October 19, 2018

Cherry Blossoms in Japan Bloom Early

Millions of people come from all over the world to see Japan’s cherry blossoms (sakura) bloom in the spring. However, due to warm temperatures and extreme weather, the blossoms have bloomed six months early. While early blooming in some areas isn’t unheard of, what’s unusual is how widespread the early blooms have been.

Throughout most of the year, the leaves of sakura trees release a hormone that stops the branches from blooming. When springtime arrives, the hormone stops being released which causes the flowers to bloom. The heavy typhoons that Japan has been experiencing caused many trees to lose their leaves, so they were not able to release the hormone that prevented blooming. Climate change is impacting our planet in many ways and it will continue unless we act urgently to limit global warming.

Indian Women Driven from Homes by Climate Change

Climate change has been a hot button issue recently, with the IPCC releasing a report on the Paris Agreement’s goal to limit global warming to 1.5°C. We have been seeing the disturbing consequences of climate change such as rising sea levels, heatwaves, forest fires, droughts, and stronger natural disasters. In India’s Sundarbans region, rising sea levels and heavy storms are contributing to failing crops and forcing farmers out.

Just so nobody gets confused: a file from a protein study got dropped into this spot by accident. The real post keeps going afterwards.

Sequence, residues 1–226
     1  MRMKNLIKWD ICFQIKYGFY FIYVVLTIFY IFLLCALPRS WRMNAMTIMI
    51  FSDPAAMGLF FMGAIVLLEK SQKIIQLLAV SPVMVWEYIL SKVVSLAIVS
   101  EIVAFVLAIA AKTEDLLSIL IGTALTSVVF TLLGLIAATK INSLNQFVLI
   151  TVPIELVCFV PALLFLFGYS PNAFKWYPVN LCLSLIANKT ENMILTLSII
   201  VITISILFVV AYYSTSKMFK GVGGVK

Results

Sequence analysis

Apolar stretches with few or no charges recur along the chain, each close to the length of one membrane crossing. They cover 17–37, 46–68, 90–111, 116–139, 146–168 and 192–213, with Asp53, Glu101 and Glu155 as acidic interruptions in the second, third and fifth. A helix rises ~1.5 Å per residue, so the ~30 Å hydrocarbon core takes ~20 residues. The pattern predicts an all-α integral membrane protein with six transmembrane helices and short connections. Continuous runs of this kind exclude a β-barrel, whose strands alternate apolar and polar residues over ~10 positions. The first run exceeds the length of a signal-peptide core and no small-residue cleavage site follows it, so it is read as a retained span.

Many families must migrate part of the year to another region to look for work. Susama Das and her husband travel to India’s Odisha state to plant rice and work at a shrimp farm. Through this work, they are able to earn double what they could back home. They’ve been able to fortify their house, so it can withstand storms, send their daughter to school, and avoid debt. This is a new reality for many, having to leave home and work elsewhere to provide for their families due of climate change. Climate change is altering the way of life not just for people, but for plants and animals as well. It’s crucial we take major steps now to limit warming past 1.5°C.

Activists Fear Life Beyond 1.5°C

The IPCC report on global warming paints a dark picture of what life would be like living beyond 1.5°C. At the current rate we’re at, we’ll surpass that benchmark within a couple of decades. The communities that contribute the least to climate change are the ones that suffer the most due to its consequences. Many islands in the Pacific face rising sea levels, diminishing ecosystems, severe storms, and increases in flooding and landslides.

Indigenous communities living close to nature, like the Saami living in the Arctic, suffer the most from extreme weather. This past summer, wildfires and heatwaves plagued the Arctic, alarming many who lived there. For people and animals already living in areas that are naturally subject to extreme conditions, it’s crucial we take urgent action to prevent global warming surpassing 1.5°C.